WHEREFORE, the Petition for Review on Certiorari is GRANTED. The April 7, 2017 Decision and July 12, 2017 Resolution of the Court of Appeals are REVERSED and SET ASIDE. Respondent Matiere SAS is ordered to pay petitioner Manuel G. Acosta the following:

1. full backwages and other benefits, both based on petitioner's last monthly salary, computed from the date his employment was illegally terminated until the finality of this Decision;

2. separation pay based on petitioner's last monthly salary, computed from the date he commenced employment until the finality of this Decision at the rate of one (1) month's salary for every year of service, with a fraction of a year of at least six (6) months being counted as one (1) whole year; and

3. attorney's fees equivalent to ten percent (10%) of the total award.

The total judgment award shall be subject to interest at the rate of six percent (6%) per annum from the finality of this Decision until its full satisfaction.85

This case is REMANDED to the Labor Arbiter to make a detailed computation of the amounts due to petitioner, which must be paid without delay, and for the immediate execution of this Decision.

SO ORDERED.

Peralta, (Chairperson), A. Reyes, Jr., Hernando, and Inting, JJ., concur.1‚шphi1


Footnotes

1 Rollo, pp. 27-50. Filed under Rule 45 of the Rules of Court.

2 Id. at 52-62. The Decision was penned by Associate Justice Maria Filomena D. Singh, and concurred in by Associate Justices Ricardo R. Rosario and Edwin D. Sorongon of the Fifteenth Division, Court of Appeals, Manila.

3 Id. at 64-65. The Resolution was penned by Associate Justice Maria Filomena D. Singh, and concurred in by Associate Justices Ricardo R. Rosario and Edwin D. Sorongon of the Fifteenth Division, Court of Appeals, Manila.

4 Id. at 44.

5 Id. at 522-532. The Decision was penned by Commissioner Mercedes R. Posada-Lacap, and concurred in by Presiding Commissioner Grace E. Maniquiz-Tan and Commissioner Dolores M. Peralta-Beley of the Fifth Division, National Labor Relations Commission, Quezon City.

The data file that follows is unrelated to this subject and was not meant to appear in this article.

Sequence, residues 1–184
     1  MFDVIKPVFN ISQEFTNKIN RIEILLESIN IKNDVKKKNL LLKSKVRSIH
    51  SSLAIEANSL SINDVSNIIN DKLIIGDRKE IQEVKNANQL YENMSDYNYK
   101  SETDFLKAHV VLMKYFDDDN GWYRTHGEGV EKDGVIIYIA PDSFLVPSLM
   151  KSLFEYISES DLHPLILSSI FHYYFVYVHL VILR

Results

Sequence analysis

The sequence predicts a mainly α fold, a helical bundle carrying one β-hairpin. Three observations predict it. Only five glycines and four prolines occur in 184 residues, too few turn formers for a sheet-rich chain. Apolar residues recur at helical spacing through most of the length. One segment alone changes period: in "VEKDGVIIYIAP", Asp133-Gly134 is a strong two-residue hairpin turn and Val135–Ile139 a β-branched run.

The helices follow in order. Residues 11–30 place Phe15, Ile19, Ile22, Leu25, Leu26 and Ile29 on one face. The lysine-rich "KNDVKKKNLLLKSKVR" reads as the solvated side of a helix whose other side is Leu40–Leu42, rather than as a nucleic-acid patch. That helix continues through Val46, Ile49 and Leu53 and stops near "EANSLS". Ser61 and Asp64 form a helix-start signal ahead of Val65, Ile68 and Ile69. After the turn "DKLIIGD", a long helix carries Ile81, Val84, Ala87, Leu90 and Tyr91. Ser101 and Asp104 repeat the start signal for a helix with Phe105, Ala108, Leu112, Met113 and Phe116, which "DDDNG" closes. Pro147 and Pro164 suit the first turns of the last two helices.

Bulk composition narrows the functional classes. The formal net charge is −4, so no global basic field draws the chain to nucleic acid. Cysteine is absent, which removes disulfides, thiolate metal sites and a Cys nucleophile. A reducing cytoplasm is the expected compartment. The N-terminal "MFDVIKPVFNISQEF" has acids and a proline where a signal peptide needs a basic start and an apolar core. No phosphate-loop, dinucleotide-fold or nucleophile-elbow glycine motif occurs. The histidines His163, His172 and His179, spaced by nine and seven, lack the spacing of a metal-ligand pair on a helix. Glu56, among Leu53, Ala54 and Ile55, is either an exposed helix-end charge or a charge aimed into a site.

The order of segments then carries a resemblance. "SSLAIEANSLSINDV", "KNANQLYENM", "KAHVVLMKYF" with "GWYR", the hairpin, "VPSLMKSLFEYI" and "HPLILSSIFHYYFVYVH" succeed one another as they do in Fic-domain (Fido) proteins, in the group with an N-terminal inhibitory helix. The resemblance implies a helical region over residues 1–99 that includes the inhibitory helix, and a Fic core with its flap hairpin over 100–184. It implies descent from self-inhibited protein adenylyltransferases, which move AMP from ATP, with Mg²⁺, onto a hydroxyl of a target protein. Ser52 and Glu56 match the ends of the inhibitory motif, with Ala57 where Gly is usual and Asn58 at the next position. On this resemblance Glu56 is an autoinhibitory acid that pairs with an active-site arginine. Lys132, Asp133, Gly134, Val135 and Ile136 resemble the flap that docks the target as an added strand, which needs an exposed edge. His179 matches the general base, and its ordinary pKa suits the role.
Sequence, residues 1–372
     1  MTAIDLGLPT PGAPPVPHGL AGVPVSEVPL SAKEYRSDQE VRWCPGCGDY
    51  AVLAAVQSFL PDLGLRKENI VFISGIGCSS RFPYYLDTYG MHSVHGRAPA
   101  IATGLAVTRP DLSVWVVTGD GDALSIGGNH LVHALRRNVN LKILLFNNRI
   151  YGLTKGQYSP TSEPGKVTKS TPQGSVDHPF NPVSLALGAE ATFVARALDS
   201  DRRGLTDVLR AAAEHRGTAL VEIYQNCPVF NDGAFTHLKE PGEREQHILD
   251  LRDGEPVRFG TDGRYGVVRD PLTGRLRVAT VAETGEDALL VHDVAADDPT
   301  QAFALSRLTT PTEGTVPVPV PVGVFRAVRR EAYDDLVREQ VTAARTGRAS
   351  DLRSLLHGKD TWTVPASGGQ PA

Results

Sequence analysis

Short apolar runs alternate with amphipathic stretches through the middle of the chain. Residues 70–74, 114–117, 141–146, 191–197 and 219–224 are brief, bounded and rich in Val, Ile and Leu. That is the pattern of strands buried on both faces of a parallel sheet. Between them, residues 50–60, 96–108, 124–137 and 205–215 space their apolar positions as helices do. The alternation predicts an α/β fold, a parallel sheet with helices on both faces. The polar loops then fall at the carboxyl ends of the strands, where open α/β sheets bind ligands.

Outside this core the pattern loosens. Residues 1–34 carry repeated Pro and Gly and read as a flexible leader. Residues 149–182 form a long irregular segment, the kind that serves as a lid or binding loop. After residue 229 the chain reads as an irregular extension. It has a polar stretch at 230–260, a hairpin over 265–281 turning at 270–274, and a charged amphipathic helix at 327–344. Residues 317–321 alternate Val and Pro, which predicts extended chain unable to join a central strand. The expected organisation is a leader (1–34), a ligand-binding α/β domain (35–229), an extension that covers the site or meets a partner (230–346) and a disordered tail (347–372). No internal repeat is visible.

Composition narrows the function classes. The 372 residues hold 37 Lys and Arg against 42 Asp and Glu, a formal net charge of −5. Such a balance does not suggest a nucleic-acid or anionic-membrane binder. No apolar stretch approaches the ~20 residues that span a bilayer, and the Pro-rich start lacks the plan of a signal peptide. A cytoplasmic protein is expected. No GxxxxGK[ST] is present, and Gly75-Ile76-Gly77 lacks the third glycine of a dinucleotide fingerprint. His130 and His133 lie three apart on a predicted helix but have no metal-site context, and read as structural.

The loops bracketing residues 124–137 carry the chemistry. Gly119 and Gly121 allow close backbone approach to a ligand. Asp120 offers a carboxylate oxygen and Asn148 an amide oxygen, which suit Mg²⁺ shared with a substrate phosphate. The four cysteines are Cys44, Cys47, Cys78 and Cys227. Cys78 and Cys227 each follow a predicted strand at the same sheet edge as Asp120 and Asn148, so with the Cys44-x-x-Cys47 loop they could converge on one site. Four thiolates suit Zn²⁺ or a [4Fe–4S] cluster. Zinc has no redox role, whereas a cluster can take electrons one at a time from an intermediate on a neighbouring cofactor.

6 Id. at 549-552. The Resolution was penned by Commissioner Mercedes R. Posada-Lacap, and concurred in by Presiding Commissioner Grace E. Maniquiz-Tan and Commissioner Dolores M. Peralta-Beley of the Fifth Division, National Labor Relations Commission, Quezon City.

7 Id. at 311-319. The Decision was penned by Labor Arbiter Vivian H. Magsino-Gonzalez of the National Labor Relations Commission, Quezon City.

8 Id. at 53.

9 Id.

10 Id.

11 Id. at 97-100.

12 Id. at 53 and 98-99.

13 Id. at 53 and 101.

14 Id. at 101-102.

15 Id. at 53 and 103.

16 Id. at 104.

17 Id. at 105.

18 Id. at 54.

19 Id. at 106.

20 Id.

21 Id. at 54 and 106.

22 Id. at 133.

23 Id.

24 Id. at 54 and 135.

25 Id. at 133.

26 Id.

27 Id. at 134.

28 Id. at 135.

29 Id. at 54 and 134.

30 Id. at 86-89.

31 Id. at 54-55.

32 Id. at 55 and 311.

33 Id. at 136.

34 Id. at 529.

35 Id. at 311-319.

36 Id. at 315-316.

37 Id. at 316.

38 Id.

39 Id. at 316-317.

40 Id. at 319.

41 Id. at 55.

42 Id. at 320-325.

43 Id. at 323-324.

44 Id. at 336-350.

45 Id. at 344-347.

46 Id. at 522-532.

47 Id. at 55 and 532.

48 Id. at 529.

49 Id. at 530-531.

50 Id. at 531.

51 Id. at 532.

52 Id. at 533-545.

53 Id. at 547. Woodfields Consultants, Inc. is a firm composed of planners, architects, engineers, construction managers, and environment specialists. It was contracted by Matiere SAS for the design of the bridges' sub-structures under their supply contract with the Department of Public Works and Highways.

54 Id. at 546.

55 Id. at 538 and 541.

56 Id. at 549-552.

57 Id. at 551-552.

58 Id. at 66-85.

59 Id. at 52-62.

60 Id. at 58.

61 Id. at 58-59.

62 Id. at 64-65.

63 Id. at 27-50.

64 Id. at 38.

65 Id. at 39-43.

66 Id. at 43.

67 Id. at 734-738.

68 Id. at 735.

69 Id.

70 Id. at 736.

71 Id.

72 Id.

73 Manggagawa ng Komunikasyon sa Pilipinas v. Philippine Long Distance Telephone Company, Inc., 809 Phil. 106, 122 (2017) [Per J. Leonen, Second Division].

74 271 Phil. 694 (1991) [Per J. Feliciano, Third Division].

75 Id. at 703.

76 364 Phil. 912 (1999) [Per J. Puno, Second Division].

77 Id. at 930.

78 Petitioner received the "Ending of the employment agreement" letter from respondents on June 27, 2013 (rollo, p. 132), while the Department of Labor and Employment received the Establishment Employment Report from respondents on June 28, 2013 (rollo, p. 134).

79 Rollo, p. 136.

80 Manggagawa ng Komunikasyon sa Pilipinas v. Philippine Long Distance Telephone Company, Inc., 809 Phil. 106, 123 (2017) [Per J. Leonen, Second Division].

81 Rollo, p. 101.

82 Id. at 53 and 103.

83 346 Phil. 30 (1997) [Per J. Romero, Third Division].

84 Id. at 35.

85 Nacar v. Gallery Frames, 716 Phil. 267 (2013) [Per J. Peralta, En Banc].